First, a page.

The well-known and widely used NIH Quality Assessment Tool for Observational Cohort and Cross-Sectional Studies  was used to assess the study quality.
The initial search generated 7391 results. 5243 were duplicates. After abstract screening, 79 publications were deemed potentially relevant. 66 studies were excluded as they were not meeting the inclusion criteria. 21 were excluded because considering a mixed population of refugees and asylum seekers, or not clearly defining their status; 10 were considering refugees living in camps, housing facilities or detention centers; 28 were not using the WHOQOL-Bref but other instruments to assess the HRQOL (SF-36, SF-12 and WHO-5 were the ones used more frequently); 6 were excluded because they were not displaying the outcomes of WHOQOL-Bref at the baseline making those incomparable to the other studies included; 1 study considered underage participants which are characterized by other vulnerabilities and needs in respect to an adult population. Additional screening of reference lists and additional hand search considering relevant journals, resulted in identifying two further publications. Among the studies selected, 11/15 were performed in High-Income Countries and none of them were RCTs. Detailed information is provided in the PRISMA flow diagram in Fig.1. Sample sizes ranged from 22 to 655, with a total sample of 2352 across studies (1533 included in the general population of refugees and 819 in the clinical one), of which 56.5% males (46.4% considering just the general population and 75.6% in the clinical one).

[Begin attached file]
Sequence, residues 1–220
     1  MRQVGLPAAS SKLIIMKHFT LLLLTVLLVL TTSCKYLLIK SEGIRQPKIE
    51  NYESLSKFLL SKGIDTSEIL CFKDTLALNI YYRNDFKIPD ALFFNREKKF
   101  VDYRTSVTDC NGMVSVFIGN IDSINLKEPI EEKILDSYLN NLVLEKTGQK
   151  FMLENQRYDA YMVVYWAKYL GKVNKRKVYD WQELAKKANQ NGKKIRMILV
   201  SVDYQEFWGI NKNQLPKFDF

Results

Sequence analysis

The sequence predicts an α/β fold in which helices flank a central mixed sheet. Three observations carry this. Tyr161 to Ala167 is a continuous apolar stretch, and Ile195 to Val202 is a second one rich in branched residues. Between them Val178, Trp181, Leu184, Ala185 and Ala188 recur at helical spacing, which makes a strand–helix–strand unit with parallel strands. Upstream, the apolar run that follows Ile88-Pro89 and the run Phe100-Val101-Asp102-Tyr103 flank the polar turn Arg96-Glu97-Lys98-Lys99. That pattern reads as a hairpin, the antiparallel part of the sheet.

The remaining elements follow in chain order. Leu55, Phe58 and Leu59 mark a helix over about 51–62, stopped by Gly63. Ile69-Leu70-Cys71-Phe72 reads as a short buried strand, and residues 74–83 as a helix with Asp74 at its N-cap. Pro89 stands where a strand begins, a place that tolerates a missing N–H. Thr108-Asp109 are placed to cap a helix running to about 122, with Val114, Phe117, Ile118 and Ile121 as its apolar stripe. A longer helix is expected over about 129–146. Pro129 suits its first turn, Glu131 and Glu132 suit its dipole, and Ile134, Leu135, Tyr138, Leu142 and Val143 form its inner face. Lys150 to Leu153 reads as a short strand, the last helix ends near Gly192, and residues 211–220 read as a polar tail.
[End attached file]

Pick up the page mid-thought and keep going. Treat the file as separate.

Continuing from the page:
General population of refugees
All studies in this group were observational studies. The aim of these studies was diverse: to compare differences between refugees and local population  or between life in a refugee camp and outside [51, 52] (in this last case observing higher scores); to assess the HRQOL in a determined country of arrival [50,51,52,53,54,55] and often considering refugees coming from the same country [50, 51, 53, 55], specifically Syria, Palestine and Somalia.
Table 1 shows characteristics of the studies selected. We observe a large heterogeneity in the scores of HRQOL across the studies included: from a minimum score of 38.0 for the environmental domain, to a score of 73.1 for the physical domain. Those two domains are also the ones scoring the lowest and the highest within all studies, except for the study Redko et al.  where the lowest score was observed for the physical domain and the highest in the psychological one. In Crea et al.  the psychological domain and social relationship one were not assessed because the authors believed that indicators such as spirituality, body image and self-esteem for the first domain, and sexual activity and personal relationships for the second, would not be understood or would have been perceived as a violation of privacy by the sub-Saharan African individuals participating to the study.
Most studies showed no clear gender differences and no evident distinction between studies performed in HICs and UMICs can be observed.
Clinical population of refugees